The Effects of Divorce on Children’s Schooling — And What Parents Can Do About ThemOctober 29, 2019
If you and your spouse handle your divorce well, your children can come out the other side with a stronger and healthier sense of how best to resolve conflicts. Divorce can also help children develop mature coping mechanisms for stress. Life will never be devoid of stress, so they will learn to deal with those feelings sooner or later. Still, the thought of your children being dragged along this process is daunting, but we outline some steps you can take to make your divorce as easy as possible on your children.
- When you tell your children, be straightforward and matter-of-factual. Talk to your spouse ahead of time and go over how you will break the news. If at all possible, you and your partner should both be in the room. Let your children know the divorce is not their fault, the new arrangement does not mean you love them any less, and that they should be open with you about how they’re feeling. It is also helpful to give your children as many practical details you feel is appropriate, such as which spouse might be temporarily moving out.
- Do not fight in front of your children,during the initial news break or any other time. That may seem like the most impossible task you can imagine, and it’s likely that constant fighting was a major factor in your decision to divorce your spouse. Nevertheless, study after study has shown that children who are exposed to their parents’ quarrels fare worse mentally and emotionally going forward. By the same token, it is similarly damaging for your child to witness the two of you fighting in any context, including during your marriage. So, if you find yourself battling your spouse in front of your children, remember that is what you are trying to eliminate with your divorce.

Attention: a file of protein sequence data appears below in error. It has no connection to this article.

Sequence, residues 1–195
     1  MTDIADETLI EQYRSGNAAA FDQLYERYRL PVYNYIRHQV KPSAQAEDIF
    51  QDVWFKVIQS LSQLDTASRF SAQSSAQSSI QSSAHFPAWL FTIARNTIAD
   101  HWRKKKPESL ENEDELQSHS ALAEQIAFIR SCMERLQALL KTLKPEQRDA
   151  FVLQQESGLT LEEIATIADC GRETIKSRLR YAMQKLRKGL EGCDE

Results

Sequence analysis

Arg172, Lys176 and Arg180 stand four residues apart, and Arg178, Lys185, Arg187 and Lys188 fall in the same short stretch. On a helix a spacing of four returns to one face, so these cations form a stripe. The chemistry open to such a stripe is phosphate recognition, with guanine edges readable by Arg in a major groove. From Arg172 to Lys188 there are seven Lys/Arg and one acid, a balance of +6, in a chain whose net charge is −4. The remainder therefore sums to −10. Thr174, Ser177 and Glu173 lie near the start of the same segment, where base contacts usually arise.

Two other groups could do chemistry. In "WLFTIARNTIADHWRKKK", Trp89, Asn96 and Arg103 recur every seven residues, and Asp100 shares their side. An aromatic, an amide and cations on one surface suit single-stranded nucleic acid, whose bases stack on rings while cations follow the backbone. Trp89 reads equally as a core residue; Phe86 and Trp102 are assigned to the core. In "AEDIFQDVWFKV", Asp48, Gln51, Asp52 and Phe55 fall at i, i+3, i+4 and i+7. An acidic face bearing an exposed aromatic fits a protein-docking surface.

- Involve other trusted adults in the process. This could benefit you just as much as your children. If you’ve heard the phrase “it takes a village to raise a child” once you’ve heard it countless times. It is especially true when you have children and are going through a divorce. Having loving, familiar adults around for children is extremely beneficial, and it can take some of the burden off of you.
- Adjust based on your children’s age, emotional intelligence, and other situational factors. Although many rules – including the ones above – are transferable to children of all ages, it is undeniable that a five-year-old will adjust to divorce differently than a teenager. An adolescent not getting to see their same friends will probably be a bigger deal than a toddler adjusting to the same changes. Each child will handle the divorce a little differently, so be prepared to calibrate and re-calibrate as the process rolls along.
- Give yourself the resources to deal with the process. Don’t hesitate to start seeing a therapist for your feelings. Acting strong and hiding your own feelings for your children’s sake is damaging to everyone. If you’re generous and allow yourself to be vulnerable during a divorce, your children will sense that you’re experiencing similar emotions and they will see you as more on their level.
A divorce has many moving parts; the more smoothly one aspect proceeds, the better your children will process your divorce. By providing knowledgeable and empathetic legal guidance, we can help make your divorce a little easier. Call us at 980-272-1365 to get started.